This invention relates to an improved elevator button assembly using a polymer film piezoresistive element to sense activation of the button. The button assembly is resistant to heat or flame induced malfunction, compact, using a minimum number of parts and readily capable of digital processing. Use of a polymer film allows for a button assembly that senses change in resistance through button movement which is nearly imperceptible to humans.
According to the preferred embodiment of the invention, an elevator button, when subjected to a force perpendicular to it, translates the resultant pressure to a piezoresistive film material which is mounted between the button and a button pressure plate such that no mechanical movement is required to register a signal indicative of the depression of the button. A potting compound with a high temperature rating is used to secure the piezoresistive material to the button and to the button pressure plate. This type of adhesive allows for a substantially fire resistant button. A compensating spring, to reduce the effects of temperature cycling of the button assembly components upon the piezoresistive element, is interposed between the polymer film piezoresistive element and the button pressure plate.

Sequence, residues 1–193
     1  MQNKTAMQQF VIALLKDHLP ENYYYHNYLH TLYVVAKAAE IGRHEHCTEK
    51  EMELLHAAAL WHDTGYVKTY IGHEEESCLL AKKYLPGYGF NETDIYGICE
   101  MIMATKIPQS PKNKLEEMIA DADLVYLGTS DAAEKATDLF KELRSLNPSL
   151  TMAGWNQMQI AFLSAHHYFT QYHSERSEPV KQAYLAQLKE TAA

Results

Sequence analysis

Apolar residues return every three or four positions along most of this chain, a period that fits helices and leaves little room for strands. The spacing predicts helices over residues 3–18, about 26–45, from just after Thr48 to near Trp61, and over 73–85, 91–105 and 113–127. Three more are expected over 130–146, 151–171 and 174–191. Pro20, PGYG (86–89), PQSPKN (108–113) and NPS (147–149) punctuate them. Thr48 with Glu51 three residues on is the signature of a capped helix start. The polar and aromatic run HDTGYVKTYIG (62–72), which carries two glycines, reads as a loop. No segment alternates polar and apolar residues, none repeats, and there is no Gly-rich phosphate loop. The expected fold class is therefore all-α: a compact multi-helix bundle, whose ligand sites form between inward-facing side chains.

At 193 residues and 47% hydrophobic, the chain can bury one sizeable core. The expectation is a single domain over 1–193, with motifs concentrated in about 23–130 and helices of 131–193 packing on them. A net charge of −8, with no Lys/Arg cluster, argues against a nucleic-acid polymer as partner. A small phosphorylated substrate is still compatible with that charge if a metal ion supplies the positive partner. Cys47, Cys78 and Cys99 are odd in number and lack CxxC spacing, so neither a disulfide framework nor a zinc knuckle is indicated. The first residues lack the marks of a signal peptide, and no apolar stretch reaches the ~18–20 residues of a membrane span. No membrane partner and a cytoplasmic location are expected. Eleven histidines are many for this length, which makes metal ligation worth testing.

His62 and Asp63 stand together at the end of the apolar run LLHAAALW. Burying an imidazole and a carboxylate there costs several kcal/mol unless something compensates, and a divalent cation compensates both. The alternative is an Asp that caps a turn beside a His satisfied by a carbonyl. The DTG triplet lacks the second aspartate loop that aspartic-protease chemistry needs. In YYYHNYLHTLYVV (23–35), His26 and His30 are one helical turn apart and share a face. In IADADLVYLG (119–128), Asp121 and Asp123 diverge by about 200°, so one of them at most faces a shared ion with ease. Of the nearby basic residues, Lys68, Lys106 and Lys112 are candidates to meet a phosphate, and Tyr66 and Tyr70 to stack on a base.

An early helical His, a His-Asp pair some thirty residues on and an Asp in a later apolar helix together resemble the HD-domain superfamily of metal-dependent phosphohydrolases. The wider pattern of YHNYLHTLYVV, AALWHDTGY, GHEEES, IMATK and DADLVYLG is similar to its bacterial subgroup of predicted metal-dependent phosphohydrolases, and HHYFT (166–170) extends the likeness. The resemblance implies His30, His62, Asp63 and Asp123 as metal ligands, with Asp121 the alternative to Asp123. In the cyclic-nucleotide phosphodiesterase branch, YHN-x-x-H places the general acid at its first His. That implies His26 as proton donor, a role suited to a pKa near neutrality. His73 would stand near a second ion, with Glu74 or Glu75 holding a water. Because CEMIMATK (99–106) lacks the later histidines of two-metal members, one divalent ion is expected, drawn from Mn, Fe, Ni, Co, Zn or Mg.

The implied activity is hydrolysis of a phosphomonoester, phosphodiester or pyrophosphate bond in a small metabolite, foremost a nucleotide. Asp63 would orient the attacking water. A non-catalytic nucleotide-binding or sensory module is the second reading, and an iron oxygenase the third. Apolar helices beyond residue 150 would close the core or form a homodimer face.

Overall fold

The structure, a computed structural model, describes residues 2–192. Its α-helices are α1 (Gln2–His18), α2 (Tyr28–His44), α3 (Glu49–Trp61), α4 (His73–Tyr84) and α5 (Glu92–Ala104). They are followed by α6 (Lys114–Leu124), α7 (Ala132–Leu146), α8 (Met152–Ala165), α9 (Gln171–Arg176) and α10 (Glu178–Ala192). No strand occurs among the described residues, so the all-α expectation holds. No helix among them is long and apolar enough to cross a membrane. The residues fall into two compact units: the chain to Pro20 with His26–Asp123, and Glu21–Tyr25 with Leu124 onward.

In a second embodiment, a plunger having a plunger plate remote from the button, descends down from the button toward the piezoresistive element. Perceptible motion springs, connected to the button, pressure plate and a collar, bias the plunger plate away from the piezoresistive element. The button is placed in a frustoconical housing that has catch teeth. The result is that movement of the button is perceptible to a human but the catch teeth and the housing prevent excessive force, caused by striking the button, from damaging the button assembly.
Objects of the invention include providing an elevator button which is relatively fire and heat resistant, uses no moving or mechanical contacts, and is resilient and not susceptible to being shattered easily.
These and other objects of the present invention will become more apparent in light of the detailed description of the best mode embodiment thereof, as illustrated in the accompanying drawings.BRIEF DESCRIPTION OF THE DRAWINGS
FIG. 1 is a fragmented sectional perspective view of a push-button switch embodying the present invention;